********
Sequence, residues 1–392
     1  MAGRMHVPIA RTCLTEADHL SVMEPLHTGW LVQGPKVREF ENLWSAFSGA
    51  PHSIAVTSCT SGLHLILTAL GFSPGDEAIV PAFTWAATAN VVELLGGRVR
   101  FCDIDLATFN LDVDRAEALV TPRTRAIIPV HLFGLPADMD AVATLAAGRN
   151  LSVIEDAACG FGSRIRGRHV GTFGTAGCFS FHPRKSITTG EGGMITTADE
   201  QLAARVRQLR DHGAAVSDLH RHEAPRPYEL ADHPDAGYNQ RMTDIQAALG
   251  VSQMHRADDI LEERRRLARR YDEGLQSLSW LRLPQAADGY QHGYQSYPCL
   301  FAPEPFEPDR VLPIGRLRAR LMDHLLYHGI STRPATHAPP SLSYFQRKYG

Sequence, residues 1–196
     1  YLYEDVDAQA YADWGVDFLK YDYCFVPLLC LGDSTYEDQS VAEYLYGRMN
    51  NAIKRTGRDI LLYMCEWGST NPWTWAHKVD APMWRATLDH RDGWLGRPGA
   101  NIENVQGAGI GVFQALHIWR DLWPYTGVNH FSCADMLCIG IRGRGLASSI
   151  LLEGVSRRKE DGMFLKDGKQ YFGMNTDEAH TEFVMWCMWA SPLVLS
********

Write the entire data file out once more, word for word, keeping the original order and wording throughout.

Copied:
Sequence, residues 1–392
     1  MAGRMHVPIA RTCLTEADHL SVMEPLHTGW LVQGPKVREF ENLWSAFSGA
    51  PHSIAVTSCT SGLHLILTAL GFSPGDEAIV PAFTWAATAN VVELLGGRVR
   101  FCDIDLATFN LDVDRAEALV TPRTRAIIPV HLFGLPADMD AVATLAAGRN
   151  LSVIEDAACG FGSRIRGRHV GTFGTAGCFS FHPRKSITTG EGGMITTADE
   201  QLAARVRQLR DHGAAVSDLH RHEAPRPYEL ADHPDAGYNQ RMTDIQAALG
   251  VSQMHRADDI LEERRRLARR YDEGLQSLSW LRLPQAADGY QHGYQSYPCL
   301  FAPEPFEPDR VLPIGRLRAR LMDHLLYHGI STRPATHAPP SLSYFQRKYG

Sequence, residues 1–196
     1  YLYEDVDAQA YADWGVDFLK YDYCFVPLLC LGDSTYEDQS VAEYLYGRMN
    51  NAIKRTGRDI LLYMCEWGST NPWTWAHKVD APMWRATLDH RDGWLGRPGA
   101  NIENVQGAGI GVFQALHIWR DLWPYTGVNH FSCADMLCIG IRGRGLASSI
   151  LLEGVSRRKE DGMFLKDGKQ YFGMNTDEAH TEFVMWCMWA SPLVLS